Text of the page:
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23 December 1998

Our current howler: Saint Livingston, we presume

Synopsis: David Broder found an improbable saint amid the Washington rubble.

The Livingston Challenge
David Broder, The Washington Post, 12/20/98

Maybe it’s just been a tiring year. Maybe we’re ready for real r & r. But David Broder found an unlikely saint amid all the Washington rubble:

BRODER [first two paragraphs]: Leadership by example.

The simple phrase evokes the most basic of values--responsibility, trust, honor and courage. It came into view in dramatic fashion yesterday morning when Bob Livingston, the Louisiana Republican, said he would step aside as the speaker-designate of the House of Representatives.

Broder went on to suggest that Vile Clinton should take the “Livingston challenge”--should think about stepping aside himself, to serve the good of the nation. Quoting the long-since anointed Jim Leach, Broder tossed a gauntlet:

BRODER: “Leadership is a conjunction of good ideas and good character. One without the other is unsustainable.” So Livingston concluded. Does Clinton think otherwise?

Indeed, some of the analysts were audibly sniffling as our public reading of Broder’s column concluded. Some stared darkly off into space, determined to avoid meeting eyes. And the blood was really beginning to boil, as they considered the example that Livingston set, and his selfless decision to leave the House--and the contrast it drew with Vile Clinton.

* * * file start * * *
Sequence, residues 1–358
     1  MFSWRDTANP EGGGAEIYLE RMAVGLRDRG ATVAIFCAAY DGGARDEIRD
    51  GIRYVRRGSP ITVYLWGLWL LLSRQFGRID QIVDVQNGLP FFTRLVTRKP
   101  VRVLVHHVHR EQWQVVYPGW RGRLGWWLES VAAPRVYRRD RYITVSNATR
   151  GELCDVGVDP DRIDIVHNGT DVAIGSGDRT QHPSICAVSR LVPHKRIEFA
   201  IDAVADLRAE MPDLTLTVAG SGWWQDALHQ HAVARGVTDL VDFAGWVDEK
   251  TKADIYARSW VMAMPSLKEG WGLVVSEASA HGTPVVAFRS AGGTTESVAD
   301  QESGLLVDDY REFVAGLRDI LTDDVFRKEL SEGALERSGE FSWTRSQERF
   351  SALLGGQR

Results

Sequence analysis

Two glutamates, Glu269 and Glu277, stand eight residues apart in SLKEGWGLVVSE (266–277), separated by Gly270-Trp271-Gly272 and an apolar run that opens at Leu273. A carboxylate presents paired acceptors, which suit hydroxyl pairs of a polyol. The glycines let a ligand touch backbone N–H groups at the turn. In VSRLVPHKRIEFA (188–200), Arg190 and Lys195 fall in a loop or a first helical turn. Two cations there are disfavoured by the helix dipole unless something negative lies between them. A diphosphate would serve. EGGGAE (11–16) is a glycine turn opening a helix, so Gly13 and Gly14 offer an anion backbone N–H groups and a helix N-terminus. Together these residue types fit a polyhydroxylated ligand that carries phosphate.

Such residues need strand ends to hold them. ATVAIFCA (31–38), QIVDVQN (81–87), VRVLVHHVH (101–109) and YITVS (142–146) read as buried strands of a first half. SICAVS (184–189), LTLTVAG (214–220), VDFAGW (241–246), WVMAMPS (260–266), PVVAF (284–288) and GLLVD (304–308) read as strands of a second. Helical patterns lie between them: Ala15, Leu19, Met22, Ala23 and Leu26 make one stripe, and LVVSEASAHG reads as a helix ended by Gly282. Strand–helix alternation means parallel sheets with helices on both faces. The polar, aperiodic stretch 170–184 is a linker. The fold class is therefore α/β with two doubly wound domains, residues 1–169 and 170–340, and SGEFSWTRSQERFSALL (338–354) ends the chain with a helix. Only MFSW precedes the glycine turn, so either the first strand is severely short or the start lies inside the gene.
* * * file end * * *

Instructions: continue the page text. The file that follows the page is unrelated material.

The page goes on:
But finally one of the analysts rose, and spoke to us there in the counsel. Saint Bob had abandoned his speaker quest, he declaimed, when it was clear he would not be elected. And he’d only admitted his rounder ways when Larry Flynt was preparing to limn them. And most important by far, this knowing sage cried, Saint Bob had some Dimmesdale to him. He had watched and said nothing, for the past seven years, while his party slammed Clinton for what he too had been doing. He had watched Vile Clinton be roasted and splayed for conduct he engaged in himself.

Now the analysts began to mutter against the great dean of the pundits. Could he ever describe even simple events without creating vile contrasts with Clinton? What kind of “courage” had it taken for Livingston to give up on a post that would never be his? And as was well known: he’d long planned to resign from the House, if he couldn’t be Speaker, because he wanted to make extra cash.

But life in this celebrity press corps means always spinning stories so they Look Bad For Clinton. No matter what the other guy does, one must craft a vile contrast with Bill. Livingston had cheated on his wife; deceived his party; stepped aside when he had to; slammed his own sins in Clinton. And the pundit dean, seeing Liv was unVile, came up with a word for it:


Spellin’ it out: We do not criticize Livingston for any part of his conduct, except for his painful hypocrisy. But we do not see how any of his actions involve “honor,” “responsibility,” or “leadership.” We’ve long paid the price for defining down deviancy. Must we define away even the virtues, to make Vile seem worse than he is?